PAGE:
On Tuesday I led the first CPD session of the year with our whole school staff. The session, based at the Globe Theatre in London, was designed to encourage teachers and support staff to utilise the amazing range of innovative learning opportunities London has to offer. As a school based just within Zone 2 in the west of the city, we are lucky to boast good transport links (particularly useful as TFL provide free travel for schools) as well as a riverside location: the Thames is about 50 metres from our school gate. However, as with many schools, curriculum pressures and school ‘targets’ have, in the past, seemingly restricted teachers in their ability to feel confident about taking their pupils out of the classroom and into the world beyond the walls.
Our curriculum (designed initially by a range of stakeholders including pupils, staff, governors, parents and subject specialists in 2014) is underpinned by 4 key drivers: ‘Knowledge of the World’, ‘Enquiry’, ‘Arts and Sports’ and ‘Ambition and Possibilities’. These drivers, alongside a ‘big idea’ help frame each curriculum topic across KS1 and KS2, giving each a real purpose and relevance to the pupils at our school. As part of our Leadership Team end of year reflections and having carried out a number of evaluations of teaching and learning throughout the school year, it became clear that we had lost focus on our drivers and that opportunities to use London as a platform for inspiring learning had been missed.
London is one of the most exciting cities in the world and there are a wealth of rich learning opportunities on our doorstep. It was this idea that I wanted staff to explore during the day. Beginning by setting a bit of context to the day, I took staff back to previous INSETs I have led where we discussed ideas behind the future of learning; the unpredictable world our learners will inherit; the changing nature of jobs; and the concepts of deep learning and growth mindset. The focus then moved on to giving staff the time and space to identify opportunities within London for enhancing their curriculum for the next year baring all this in mind.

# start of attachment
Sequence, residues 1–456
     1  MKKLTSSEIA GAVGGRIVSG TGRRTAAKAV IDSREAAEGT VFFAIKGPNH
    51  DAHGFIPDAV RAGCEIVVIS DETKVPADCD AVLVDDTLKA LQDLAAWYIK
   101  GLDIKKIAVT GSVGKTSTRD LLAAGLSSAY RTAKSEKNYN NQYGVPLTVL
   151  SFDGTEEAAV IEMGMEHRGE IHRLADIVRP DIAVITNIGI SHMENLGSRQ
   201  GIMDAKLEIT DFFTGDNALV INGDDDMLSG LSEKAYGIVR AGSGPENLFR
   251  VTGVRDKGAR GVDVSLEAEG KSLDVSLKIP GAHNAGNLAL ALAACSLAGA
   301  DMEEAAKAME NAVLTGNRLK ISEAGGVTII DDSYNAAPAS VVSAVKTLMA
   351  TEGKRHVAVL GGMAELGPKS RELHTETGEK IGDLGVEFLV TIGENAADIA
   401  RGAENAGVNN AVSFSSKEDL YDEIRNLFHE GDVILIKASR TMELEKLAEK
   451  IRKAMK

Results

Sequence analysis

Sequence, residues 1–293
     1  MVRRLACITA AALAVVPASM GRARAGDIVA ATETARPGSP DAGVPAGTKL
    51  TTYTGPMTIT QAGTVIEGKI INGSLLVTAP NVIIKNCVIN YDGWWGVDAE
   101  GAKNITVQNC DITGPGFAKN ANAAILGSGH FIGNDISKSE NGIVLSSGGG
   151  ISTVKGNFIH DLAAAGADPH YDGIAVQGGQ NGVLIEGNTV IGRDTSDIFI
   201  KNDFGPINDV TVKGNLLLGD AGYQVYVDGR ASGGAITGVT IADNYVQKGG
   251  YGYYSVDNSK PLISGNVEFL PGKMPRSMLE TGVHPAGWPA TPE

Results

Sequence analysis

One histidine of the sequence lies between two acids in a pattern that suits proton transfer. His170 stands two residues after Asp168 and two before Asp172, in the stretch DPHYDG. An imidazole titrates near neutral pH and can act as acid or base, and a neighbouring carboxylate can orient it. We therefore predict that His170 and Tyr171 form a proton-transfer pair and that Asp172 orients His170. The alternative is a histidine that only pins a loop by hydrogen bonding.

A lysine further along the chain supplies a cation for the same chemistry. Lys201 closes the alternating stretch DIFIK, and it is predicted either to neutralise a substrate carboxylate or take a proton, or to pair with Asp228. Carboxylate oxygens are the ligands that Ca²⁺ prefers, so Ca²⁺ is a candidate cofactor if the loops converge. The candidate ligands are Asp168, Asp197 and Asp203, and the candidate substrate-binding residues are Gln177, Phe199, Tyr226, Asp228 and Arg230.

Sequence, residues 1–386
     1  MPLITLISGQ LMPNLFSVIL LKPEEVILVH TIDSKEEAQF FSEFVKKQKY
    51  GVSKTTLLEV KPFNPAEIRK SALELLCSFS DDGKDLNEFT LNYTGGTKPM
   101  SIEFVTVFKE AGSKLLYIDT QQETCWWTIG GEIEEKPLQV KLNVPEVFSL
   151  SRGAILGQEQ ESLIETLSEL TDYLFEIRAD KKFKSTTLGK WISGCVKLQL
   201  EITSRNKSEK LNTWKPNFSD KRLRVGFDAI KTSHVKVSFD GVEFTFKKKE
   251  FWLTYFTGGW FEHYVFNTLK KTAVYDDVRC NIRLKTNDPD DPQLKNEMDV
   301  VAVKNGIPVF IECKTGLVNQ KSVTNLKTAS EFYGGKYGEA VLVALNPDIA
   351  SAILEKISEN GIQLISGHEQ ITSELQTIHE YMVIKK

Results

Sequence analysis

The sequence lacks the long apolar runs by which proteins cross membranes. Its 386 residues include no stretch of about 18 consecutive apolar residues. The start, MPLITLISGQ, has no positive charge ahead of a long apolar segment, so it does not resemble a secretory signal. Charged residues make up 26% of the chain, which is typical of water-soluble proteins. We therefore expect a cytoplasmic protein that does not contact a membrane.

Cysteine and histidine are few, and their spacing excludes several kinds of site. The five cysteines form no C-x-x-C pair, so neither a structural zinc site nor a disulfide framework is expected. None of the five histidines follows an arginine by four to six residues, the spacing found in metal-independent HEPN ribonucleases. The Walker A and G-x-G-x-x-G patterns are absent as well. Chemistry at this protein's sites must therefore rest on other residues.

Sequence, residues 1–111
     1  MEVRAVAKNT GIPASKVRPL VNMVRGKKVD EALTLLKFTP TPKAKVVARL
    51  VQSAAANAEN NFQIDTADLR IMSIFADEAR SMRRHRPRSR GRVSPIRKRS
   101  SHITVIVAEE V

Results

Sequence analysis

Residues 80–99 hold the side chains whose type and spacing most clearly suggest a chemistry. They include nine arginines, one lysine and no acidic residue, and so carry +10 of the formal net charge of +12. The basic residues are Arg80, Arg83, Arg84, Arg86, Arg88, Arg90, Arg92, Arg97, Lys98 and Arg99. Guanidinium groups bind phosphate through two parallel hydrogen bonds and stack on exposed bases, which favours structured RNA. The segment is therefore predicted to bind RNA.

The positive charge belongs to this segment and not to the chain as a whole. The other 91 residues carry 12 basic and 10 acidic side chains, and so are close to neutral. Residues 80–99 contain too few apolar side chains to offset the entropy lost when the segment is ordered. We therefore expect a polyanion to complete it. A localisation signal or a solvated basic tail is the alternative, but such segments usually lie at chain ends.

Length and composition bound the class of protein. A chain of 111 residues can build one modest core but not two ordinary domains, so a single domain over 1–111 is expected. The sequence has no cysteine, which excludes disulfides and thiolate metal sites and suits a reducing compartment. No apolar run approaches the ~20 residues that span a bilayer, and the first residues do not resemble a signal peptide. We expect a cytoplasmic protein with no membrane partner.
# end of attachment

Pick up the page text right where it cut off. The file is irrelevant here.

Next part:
The teaching teams approached this opportunity in different ways. Some teams stayed in the room we had booked (with a very impressive view – see above!) and spent their time exploring and contacting organisations on a list that I had provided them with, many of which were based around ‘making’. Others went out into London to research areas/museums/organisations/businesses that would be suitable for their topics. At the end of the day we came together to discuss the opportunities we had planned in and more importantly to explain the purpose of planning these experiences for the children, firmly focusing on the ‘why’.
From a visit to the Royal Courts of Justice where pupils would work with trainee lawyers to put together a court case to a walking tour of street art in East London the ideas had clearly been flowing. There was even a team trying to arrange to visit a sewer!
The day was a great success and every year group now has some firm plans in place for inspiring learning this year. For me, the most exciting part of the session was the buzz around the room as discussions surrounding learning began. In addition, staff were investigating ‘different’ opportunities available to them in areas of maker businesses, including contacting organisations like the Makerversity. The teams were genuinely excited themselves about being in London and were quickly able to connect opportunities available to them with aspects of their topics. Now it is important that as a whole school staff we track the impact of these visits and visitors on the learning of our pupils and share and celebrate them with our school and local community.
It’s going to be a great year.